Canals & Creek

Sargent Canals

Sargent Texas Canals

The Sargent Canal system along with Caney Creek provide another unique fishing habitat. If you own land on the canals you can catch a Redfish in your backyard.

The Sargent Canal system is a vast canal system that was created in the 1960’s offer great fish habitat into our Bay and Ocean. Our vast network of canals offer good water flow between the gulf and wetlands because they span both North and South and then East and West.Water is always moving from the winds and tides. This movement keeps the canals from getting stagnant and provides a good life zone for habitat crabs, fish and birds.

View Sargent Canal System and Caney Creek in a larger map

View fishsargent Ancient Creek in Blue in a larger map
Sargent Texas Flounder caught in Canal.MINOLTA DIGITAL CAMERA

View fishsargent Ancient Creek in Blue in a larger map

Caney Creek

Caney Creek is located in (Matagorda County & Wharton County). The original name of Caney Creek was Canebrake Creek.  Canebrake used to grow on it’s banks.

It was a natural river flowing  through the  plains  and its source was in Wharton County.  Its source is  (at 29°26′ N, 96°18′ W). It runs southeast through rich coastal plains for 155 miles to its mouth on the Gulf Intracoastal Waterway, and then into East Matagorda Bay 5½ miles southeast of Sargent, Matagorda County (at 28°46′ N, 95°39′ W).

Sargent Fact: Caney Creek was ancient mouth of  Southern Colorado River

Caney Creek was once the mouth of Colorado river that flowed into the Gulf of Mexico. Several thousand thousand years have passed since Caney Creek was the Colorado River. It  used to empty into the bay and then the Gulf of Mexico.

Historically the change in the flow occurs a mile west of Glen Flora at (at 29°21′ N, 96°13′ W) then they separated again at(at 29°20′ N, 96°12′ W). The modern stream meanders through that area then it enters Matagorda County. At this point the river is an intermittent stream then it starts to take on water and from several sloughs and drainage areas to become a flowing river. Most areas along the Creek are used for Cattle production which keeps the land relatively free from any industrialization. The Greater Sargent ecosystem  including  Caney Creek is part of the Great “Columbia Bottom Land” Forest Preservation effort by many different private groups including the National Forest Service.

Sargent Around Civil War Years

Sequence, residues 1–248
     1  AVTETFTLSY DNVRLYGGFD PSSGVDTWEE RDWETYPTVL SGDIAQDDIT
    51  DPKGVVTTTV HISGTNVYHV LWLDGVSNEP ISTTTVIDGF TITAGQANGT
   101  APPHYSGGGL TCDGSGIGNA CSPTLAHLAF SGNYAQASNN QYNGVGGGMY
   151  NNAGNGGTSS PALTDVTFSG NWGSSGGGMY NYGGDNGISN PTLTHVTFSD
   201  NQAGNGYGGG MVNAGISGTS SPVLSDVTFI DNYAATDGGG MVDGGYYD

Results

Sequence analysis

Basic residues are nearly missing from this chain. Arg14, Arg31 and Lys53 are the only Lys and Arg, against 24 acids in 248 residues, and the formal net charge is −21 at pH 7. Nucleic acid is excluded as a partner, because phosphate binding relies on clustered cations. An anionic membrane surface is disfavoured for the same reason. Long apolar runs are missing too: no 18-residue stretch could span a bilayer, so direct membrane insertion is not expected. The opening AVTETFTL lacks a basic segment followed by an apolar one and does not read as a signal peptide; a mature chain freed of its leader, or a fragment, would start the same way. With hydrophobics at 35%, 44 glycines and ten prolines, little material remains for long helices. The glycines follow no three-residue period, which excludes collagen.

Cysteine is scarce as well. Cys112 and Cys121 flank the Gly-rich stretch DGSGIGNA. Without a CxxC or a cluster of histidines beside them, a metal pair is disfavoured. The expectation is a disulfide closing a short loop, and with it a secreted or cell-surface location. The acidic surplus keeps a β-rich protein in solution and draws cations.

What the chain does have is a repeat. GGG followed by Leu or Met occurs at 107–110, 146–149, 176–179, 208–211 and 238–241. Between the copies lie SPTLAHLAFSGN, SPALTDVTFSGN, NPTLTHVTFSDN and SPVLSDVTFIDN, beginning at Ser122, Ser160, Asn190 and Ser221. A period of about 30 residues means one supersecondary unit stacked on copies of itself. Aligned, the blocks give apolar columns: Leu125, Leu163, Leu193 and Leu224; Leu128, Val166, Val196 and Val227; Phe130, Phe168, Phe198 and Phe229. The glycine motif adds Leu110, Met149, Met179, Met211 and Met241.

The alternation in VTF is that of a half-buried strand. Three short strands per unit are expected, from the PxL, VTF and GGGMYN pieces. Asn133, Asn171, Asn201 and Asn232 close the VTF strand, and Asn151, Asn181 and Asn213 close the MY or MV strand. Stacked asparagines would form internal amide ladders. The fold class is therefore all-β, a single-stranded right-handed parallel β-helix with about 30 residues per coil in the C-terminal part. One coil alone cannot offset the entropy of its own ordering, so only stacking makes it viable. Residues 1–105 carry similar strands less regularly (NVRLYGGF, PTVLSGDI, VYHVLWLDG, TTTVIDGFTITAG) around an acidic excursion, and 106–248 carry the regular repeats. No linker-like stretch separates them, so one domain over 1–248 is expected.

The early history of Caney Creek revolves around the rich alluvial lands surrounding the Creek have been described by notes some early surveyors. The land was great for planting Sugar Cane. The Texas historical society describes Caney Creek:

The Creek and some areas around it for Years Old Three Hundred settler Elias R. Wightman and elsewhere, made it a focal point for settlement in the 1820s (see ANGLO-AMERICAN COLONIZATION).

Before planting early colonist would burn the Canebrake. Canebrake is a native bamboo like plant native  to Texas.  This burning would enrich the soil. Many grassland  burns still go one in both the San Bernard Reservation and the fields to the West of Sargent Texas. The Creek was navigable for some distance upstream. Sugar production was very successful and then Cotton. Many homes sprung up on the creeks shoreline.  In 1825 Robert Harris Williams established one of the first cotton gins in colonial Texas on the banks of Caney Creek.

Confederate Troops: Guard Yankees and prevent entrance to Caney Creek!

During the Civil War, Confederate commander John Bankhead Magruder had the mouth of Caney Creek  fortified as part of a strategy to stop the federal advance north along the coast toward Galveston. In January and February 1864, federal gunboats bombarded the area, which was reportedly defended by 4,000 to 6,000 Confederate troops. No ground combat occurred, and by March Magruder had shifted the troops elsewhere. A Texas Historical Commission marker at the site commemorates the defense.

A 1975 archaeological survey including the Caney Creek area noted the ruins of a sugar mill and sawmill on the creek’s side banks, and the sunken remains of a paddle wheeler. The study recommended that the creek-side remains of James Boyd Hawkins’s nineteenth-century plantation house be considered for renovation.

It also noted the presence, of the settlement dwindling at that time because of ongoing subdivision and development of the preferred Creekside land.


“CANEY CREEK (WHARTON COUNTY),” Handbook of Texas Online(, 2013. Published by the Texas State Historical Association.


Gayle Jeannine Fritz, Matagorda Bay Area, Texas (Research Report 45, Texas Archeological Survey of the University of Texas at Austin, 1975). Matagorda County Historical Commission, Historic Matagorda County (3 vols., Houston: Armstrong, 1986). Marker Files, Texas Historical Commission, Austin.

Citation: The following, adapted from the Chicago Manual of Style, 15th edition, is the preferred citation for this article.CANEY CREEK (WHARTON COUNTY),” Handbook of Texas Online( 2013.